Instead I got, what I feel like is a “See People! Look at the false moderate who thinks ethnic studies should be banned and really agrees with the teaparty!  Look at all these terrible things happening that he condones!”

And I don’t really know where that’s come from.

Your actual words:

…but I’d just like to say that while I think the intent of the content is admirable, some of the actual material is more divisive than educational.  Advocating Thanksgiving become a national day of atonement strikes me as a tad extreme, a lot of it doesn’t appear academic…it reminds me more of angry bloggers on tumblr than a school curriculum.

 […] talking abut how American hangmen got drunk on eggnog after executing Mexican and Indian Leaders… I don’t know, what good does that do?

^This is me QUOTING YOU.

I don’t know how many times I have to repeat myself that THAT IS EXACTLY WHAT THE PEOPLE WHO BANNED IT SAID.

Here:

The authors of the ban, some of whom now propose to extend it to state colleges, admit they never attended a class in the offending Tucson program. They simply didn’t like the idea of teachers telling students the apparently subversive facts that nonwhite people have at times suffered at the hands of white people, or that people of every color have at times acted with color-conscious solidarity. This is a shameless kind of censorship, oozing anti-Hispanic animus.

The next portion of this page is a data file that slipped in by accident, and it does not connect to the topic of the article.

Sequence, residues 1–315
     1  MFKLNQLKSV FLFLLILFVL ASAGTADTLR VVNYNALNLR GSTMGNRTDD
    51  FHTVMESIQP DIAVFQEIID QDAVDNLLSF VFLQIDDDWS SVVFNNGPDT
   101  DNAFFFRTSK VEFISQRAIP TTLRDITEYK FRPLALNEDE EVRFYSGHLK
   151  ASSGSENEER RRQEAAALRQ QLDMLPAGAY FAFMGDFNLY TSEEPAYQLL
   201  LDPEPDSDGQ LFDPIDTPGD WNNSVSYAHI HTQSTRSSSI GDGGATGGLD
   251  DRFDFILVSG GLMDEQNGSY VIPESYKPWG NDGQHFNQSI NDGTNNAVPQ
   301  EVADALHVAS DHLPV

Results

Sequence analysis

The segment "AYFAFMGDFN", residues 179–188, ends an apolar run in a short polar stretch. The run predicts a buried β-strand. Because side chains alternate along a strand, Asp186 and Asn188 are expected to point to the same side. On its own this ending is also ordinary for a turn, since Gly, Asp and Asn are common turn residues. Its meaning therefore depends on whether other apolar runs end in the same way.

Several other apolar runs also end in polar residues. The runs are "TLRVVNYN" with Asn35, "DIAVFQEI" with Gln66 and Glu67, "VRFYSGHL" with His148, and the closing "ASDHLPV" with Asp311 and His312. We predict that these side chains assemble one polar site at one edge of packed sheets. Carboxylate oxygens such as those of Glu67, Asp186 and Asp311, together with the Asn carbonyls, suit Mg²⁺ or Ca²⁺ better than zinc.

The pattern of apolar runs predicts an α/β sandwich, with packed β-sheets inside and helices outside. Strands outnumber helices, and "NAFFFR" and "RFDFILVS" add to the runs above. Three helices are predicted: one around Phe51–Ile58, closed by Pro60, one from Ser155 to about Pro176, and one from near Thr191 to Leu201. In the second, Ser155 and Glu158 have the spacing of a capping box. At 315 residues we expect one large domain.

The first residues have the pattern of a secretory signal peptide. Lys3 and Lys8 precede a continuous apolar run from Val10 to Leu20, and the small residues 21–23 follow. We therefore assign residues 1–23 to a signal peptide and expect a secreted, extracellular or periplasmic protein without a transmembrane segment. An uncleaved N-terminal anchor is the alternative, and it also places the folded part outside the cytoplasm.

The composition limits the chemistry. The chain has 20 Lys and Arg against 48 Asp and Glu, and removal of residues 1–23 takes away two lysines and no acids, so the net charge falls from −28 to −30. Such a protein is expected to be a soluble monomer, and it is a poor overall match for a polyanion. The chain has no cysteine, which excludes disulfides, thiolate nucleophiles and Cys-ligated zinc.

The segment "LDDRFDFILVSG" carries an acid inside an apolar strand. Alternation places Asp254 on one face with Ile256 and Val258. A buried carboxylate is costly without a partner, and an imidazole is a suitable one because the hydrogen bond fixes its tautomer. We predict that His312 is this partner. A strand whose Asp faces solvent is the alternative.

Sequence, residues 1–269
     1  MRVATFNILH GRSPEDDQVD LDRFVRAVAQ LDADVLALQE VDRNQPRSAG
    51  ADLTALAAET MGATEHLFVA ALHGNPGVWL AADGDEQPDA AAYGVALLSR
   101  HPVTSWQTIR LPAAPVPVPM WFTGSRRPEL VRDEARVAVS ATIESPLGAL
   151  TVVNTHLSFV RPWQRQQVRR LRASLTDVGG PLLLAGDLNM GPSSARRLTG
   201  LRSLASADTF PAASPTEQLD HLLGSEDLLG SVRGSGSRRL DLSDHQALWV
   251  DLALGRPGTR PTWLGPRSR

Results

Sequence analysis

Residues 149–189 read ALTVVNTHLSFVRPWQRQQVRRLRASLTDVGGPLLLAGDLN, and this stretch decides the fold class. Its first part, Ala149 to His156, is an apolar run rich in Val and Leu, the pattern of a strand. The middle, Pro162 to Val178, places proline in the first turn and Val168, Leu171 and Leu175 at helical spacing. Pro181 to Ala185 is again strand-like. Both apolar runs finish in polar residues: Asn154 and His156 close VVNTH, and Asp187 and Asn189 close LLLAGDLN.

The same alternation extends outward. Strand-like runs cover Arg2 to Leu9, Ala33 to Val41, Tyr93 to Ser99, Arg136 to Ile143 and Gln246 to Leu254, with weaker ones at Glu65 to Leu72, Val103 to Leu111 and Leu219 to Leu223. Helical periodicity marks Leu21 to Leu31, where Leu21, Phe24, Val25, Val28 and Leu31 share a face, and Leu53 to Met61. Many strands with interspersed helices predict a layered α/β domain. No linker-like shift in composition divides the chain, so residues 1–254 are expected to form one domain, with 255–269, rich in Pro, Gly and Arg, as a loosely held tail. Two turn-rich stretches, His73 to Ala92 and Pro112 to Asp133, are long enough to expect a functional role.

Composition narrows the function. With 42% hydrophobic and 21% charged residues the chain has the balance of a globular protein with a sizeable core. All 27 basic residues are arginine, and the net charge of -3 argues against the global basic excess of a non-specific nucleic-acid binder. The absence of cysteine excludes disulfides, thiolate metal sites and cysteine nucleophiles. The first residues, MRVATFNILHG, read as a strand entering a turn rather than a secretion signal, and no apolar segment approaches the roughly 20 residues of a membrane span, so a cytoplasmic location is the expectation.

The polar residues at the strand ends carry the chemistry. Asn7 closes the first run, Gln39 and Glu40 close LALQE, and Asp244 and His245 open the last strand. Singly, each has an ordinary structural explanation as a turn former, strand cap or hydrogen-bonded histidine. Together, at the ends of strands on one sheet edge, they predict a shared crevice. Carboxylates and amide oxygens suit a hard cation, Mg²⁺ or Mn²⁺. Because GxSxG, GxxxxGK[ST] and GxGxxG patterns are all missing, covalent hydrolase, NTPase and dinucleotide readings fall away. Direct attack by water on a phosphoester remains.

Some more:

medievalpoc:

Uh. If you were going to be angry at my reply, your anger seems a bit late to the party. Considering you weren’t angry about my original response to you, but you WERE angry with this response of mine to someone else?

I didn’t “make” you the false moderate. I pointed out, in the ORIGINAL RESPONSE, that because our educational policy has become so fraught with political implications and bandied about like a political gambit, this has created a FALSE sense of what is the “middle ground”.

Lastly, did you notice how flagrantly I have been ignoring your rhetoric about **”They” want to make Thanksgiving a National Day of Fasting and/or Atonement????** I already pointed out to you that your lines are indistinguishable from that of the extreme right-wing fringe group the Tea Party, and yet you didn’t seem in much of a tither over that.

Who ARE these “They” who are trying to take away your national holidays? If you want to believe that brown children who learn about their own history are going to bum-rush your Thanksgiving dinner, pull your Turkey off the table and slap your grandma with it, that is your business. This is the same kind of fearmongering, dog-whistle fake threats to Real Murricans meant to cause a knee-jerk emotional reaction in people who are ignorant that Fox News loves to serve as dessert with their “Obama is a Secret Muslim!” entree.